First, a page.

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Have a Mai Thai

Serene Setting on Brady Street

Jul. 30, 2008
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Amid the hustle and bustle of the July 4 weekend, a new restaurant opened on Brady Street. The former Oriental Coast has been remodeled and is now called Mai Thai. Thai food is not new to the street: Before Oriental Coast arrived, the space was occupied by a different Thai restaurant. However, in becoming Mai Thai, Oriental Coast’s decor has changed significantly.

The exterior is virtually unchanged, except for new orchid plants at the entrance. It’s a different world inside. The front bar is made of dark wood in the style of traditional Thai architecture, whereas an ornate carved teak panel is the centerpiece of the back bar. The old steam table corner now houses a table with three rattan chairs lit by candlelight. The dining room walls are now deep blue hues, and the seating feels more intimate. Overall, Mai Thai is a serene, inviting setting for a meal.

The menu at Mai Thai is intelligently organized as well. The noodle curries and stir fries can be ordered with chicken, beef, pork, tofu or mixed vegetables at the base price. Shrimp and mixed seafood cost extra. Among the appetizers are spring rolls named for the seasons: Spring ($4.95), Summer ($3.95), Fall ($4.95) and Winter ($5.95).

A sampler of the entire year is $10.95. The best of the bunch is probably Spring, with its wrapping of fresh rice papers and a filling of shrimp with clear rice noodles and shredded lettuce and carrot. Summer is your basic Thai fried egg roll with a vegetable filling. Fall is triangular in shape with a thicker fried crust. The filling of chicken and yam has an essence of curry. Winter is steamed rice papers filled with Thai sausage, bean sprouts, cucumber and green scallions. The sampler platter is enough for a light meal. You may want to request that the various sauces be served on the side.

Another Thai favorite is Tod Mun ($5.95). These are fish cakes with a spring texture, smaller than the norm but excellent with just a touch of curry and a dipping condiment of chopped cucumber and onion. Tod Mun is rarely any better than at Mai Thai. Lettuce wraps are currently the rage at trendier Chinese eateries. Mai Thai offers its own version ($7.95), which you build yourself with lettuce leaves, tomato, cucumber, bean sprouts, cilantro and rice noodles. Unlike a Chinese restaurant, these lettuce wraps come with a separate bowl that contains slices of beef with onion.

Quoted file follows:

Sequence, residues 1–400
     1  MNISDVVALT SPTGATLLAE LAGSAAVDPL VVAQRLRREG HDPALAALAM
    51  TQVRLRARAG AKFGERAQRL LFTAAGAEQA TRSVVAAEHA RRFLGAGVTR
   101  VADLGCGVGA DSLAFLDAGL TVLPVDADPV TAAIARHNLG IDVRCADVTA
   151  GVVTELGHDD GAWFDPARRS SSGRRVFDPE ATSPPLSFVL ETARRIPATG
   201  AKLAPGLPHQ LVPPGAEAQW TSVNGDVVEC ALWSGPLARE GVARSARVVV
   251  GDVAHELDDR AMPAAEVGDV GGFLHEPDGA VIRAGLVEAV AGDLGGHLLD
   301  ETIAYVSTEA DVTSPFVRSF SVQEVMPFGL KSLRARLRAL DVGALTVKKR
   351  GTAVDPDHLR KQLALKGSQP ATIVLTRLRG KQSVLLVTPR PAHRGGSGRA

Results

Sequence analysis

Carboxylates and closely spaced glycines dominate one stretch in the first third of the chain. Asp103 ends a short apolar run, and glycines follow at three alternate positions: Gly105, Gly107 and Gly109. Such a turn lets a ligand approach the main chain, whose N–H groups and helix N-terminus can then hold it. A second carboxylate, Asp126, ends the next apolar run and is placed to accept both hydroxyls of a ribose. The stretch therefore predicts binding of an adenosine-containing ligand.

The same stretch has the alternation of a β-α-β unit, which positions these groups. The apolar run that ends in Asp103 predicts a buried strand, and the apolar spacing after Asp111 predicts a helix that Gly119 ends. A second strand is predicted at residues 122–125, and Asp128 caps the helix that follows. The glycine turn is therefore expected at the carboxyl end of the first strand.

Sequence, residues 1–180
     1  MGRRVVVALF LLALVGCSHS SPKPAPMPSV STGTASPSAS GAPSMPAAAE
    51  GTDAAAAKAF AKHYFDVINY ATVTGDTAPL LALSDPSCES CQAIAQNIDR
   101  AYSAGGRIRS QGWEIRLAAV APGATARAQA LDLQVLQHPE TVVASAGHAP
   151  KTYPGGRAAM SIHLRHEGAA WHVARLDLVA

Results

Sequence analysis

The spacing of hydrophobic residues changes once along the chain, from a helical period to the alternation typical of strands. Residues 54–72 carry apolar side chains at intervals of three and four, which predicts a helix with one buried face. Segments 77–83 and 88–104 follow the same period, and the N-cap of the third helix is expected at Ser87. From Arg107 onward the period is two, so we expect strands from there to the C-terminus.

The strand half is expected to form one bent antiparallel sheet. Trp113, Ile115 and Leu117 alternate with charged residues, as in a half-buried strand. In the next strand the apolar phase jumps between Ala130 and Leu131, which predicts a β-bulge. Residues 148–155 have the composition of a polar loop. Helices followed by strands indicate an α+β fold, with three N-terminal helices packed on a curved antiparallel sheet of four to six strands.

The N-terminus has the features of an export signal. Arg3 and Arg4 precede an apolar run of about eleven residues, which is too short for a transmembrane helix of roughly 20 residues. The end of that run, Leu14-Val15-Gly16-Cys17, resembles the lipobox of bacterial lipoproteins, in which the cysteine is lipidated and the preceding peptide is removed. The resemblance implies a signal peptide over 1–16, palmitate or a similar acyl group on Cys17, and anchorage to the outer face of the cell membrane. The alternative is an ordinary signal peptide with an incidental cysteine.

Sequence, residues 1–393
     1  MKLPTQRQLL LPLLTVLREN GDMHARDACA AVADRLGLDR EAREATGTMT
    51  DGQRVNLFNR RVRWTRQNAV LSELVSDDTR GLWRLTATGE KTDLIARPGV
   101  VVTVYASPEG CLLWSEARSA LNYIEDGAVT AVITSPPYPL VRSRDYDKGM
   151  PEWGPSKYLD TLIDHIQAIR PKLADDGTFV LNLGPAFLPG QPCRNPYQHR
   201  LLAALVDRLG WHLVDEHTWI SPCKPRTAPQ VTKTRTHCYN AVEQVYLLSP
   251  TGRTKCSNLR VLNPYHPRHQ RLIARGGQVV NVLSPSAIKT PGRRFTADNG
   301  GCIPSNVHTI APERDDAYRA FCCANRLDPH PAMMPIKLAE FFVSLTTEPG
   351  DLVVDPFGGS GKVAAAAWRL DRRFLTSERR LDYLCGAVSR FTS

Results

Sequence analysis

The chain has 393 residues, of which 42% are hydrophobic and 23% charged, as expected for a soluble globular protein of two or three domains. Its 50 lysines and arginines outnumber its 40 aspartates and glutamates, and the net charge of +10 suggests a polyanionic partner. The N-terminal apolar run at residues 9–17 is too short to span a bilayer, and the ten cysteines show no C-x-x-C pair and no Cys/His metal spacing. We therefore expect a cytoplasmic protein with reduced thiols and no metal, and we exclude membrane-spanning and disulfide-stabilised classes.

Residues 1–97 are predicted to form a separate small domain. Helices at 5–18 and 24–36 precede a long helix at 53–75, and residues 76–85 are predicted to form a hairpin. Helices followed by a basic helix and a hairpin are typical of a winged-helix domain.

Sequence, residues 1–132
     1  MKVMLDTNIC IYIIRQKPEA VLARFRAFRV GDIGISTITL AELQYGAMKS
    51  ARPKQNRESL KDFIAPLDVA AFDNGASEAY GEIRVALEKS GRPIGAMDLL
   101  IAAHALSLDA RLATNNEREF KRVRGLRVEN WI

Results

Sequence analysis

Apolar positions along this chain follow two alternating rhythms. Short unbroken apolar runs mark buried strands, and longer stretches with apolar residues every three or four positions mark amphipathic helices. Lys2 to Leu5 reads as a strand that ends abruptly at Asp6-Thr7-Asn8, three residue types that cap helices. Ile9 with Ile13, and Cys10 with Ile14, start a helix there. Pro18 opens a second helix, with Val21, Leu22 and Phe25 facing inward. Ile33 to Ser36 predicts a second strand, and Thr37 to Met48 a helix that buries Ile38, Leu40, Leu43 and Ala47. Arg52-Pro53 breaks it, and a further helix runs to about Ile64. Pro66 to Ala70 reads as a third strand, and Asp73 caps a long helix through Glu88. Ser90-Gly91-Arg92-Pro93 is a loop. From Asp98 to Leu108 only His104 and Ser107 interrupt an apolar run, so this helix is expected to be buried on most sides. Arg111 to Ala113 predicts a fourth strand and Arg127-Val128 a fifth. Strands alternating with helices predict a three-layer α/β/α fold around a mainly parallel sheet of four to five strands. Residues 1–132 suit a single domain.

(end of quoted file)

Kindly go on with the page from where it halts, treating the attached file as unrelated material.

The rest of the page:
The Thai beef salad ($7.95) simply needs more beef. The slices of onion vastly outnumber the few slices of grilled beef that otherwise taste fine with the sweet and slightly spicy dressing that accompanies them. It’s one of the few minuses on the menu. The noodles, curries and stir fries are standard items and not for the Thai explorer. The adventurous diner should look for the specialty dishes on the menu. Here one will find kao mok gai ($12.95), a chicken breast covered with curry-fried rice with hints of coconut flavor.

Add a few fried shallots and sprigs of cilantro to complete the picture. Whole snapper is typically the only fin fish served at Thai restaurants. Mai Thai offers a thick filet of pan-seared sea bass, which can be ordered in any one of four unique preparations. I picked ginger, which often finds its way into the background in Thai cookery. Here it is front-and-center: Pieces the size of matchsticks mingle with ground pork, straw mushrooms, scallions and onion. While at first pork and sea bass may seem at odds, they comple ment one another on the plate. The menu says this entree is $17.95, but should really be listed as “market price.” The cost of prime meat and seafood are volatile lately, and I was charged $23.95.

There is much to like about Mai Thai, especially the new dcor, the serv ice and the menu. Thai dining takes an upscale turn with prices that are just a hair above the norm. Perhaps Thai dining will become a permanent feature of Brady Street.

MAI THAI 1230 E. Brady St. (414) 810-3386 $$ Credit cards: all major Smoke-free Handicapped access: yes



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